System requirements: 
Adobe Reader

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Nick Lacey/Roy Stafford

Year

2001

Length

11 pages

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Spotlight on authentic learning: Student developed digital video projects

"Over the past decade, digital video editing software has developed from an expensive, rather clumsy tool, to a cheaper, user friendly tool with many capabilities that facilitate learner control. This development has given rise to a host of new applications in education, including the ability of students to capture, edit and generate their own video. As a result, student generated digital video projects (referred to subsequently in this paper as DV tasks or DV projects) are now being used in many classrooms to support, extend, or change pedagogy and curriculum outcomes.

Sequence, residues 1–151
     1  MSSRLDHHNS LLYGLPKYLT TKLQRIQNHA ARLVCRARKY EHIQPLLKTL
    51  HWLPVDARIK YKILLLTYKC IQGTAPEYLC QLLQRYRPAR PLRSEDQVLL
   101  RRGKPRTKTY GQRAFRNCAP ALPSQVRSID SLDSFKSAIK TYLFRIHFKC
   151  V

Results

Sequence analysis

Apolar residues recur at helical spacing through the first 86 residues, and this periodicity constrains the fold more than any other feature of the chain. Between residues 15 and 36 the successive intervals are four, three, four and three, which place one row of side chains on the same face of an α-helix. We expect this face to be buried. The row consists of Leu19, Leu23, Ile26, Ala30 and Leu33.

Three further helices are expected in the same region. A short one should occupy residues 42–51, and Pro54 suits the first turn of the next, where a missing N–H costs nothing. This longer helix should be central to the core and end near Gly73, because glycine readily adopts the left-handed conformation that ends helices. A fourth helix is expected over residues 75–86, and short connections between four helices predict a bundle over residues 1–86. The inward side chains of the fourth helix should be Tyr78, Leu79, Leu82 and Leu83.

The project on which this paper is based studied the use of student generated digital video in five schools. Two foci of the project were the nature of student learning from DV tasks and the pedagogical approaches being used with this technology. One of the characteristics of the video tasks that was noted in the study was their authentic nature. This paper analyses current understandings of authentic learning, examines teacher and student beliefs about the perceived authentic nature of student generated digital video tasks, and provides evidence of the authentic learning noted in the DV tasks from the study."

Related documents by the author:
* "Using Digital Video to Enhance Authentic Technology - Mediated Learning in Science Classrooms" (http://www.ed-dev.uts.edu.au/personal/mkearney/homepage/acrobats/acec.pdf)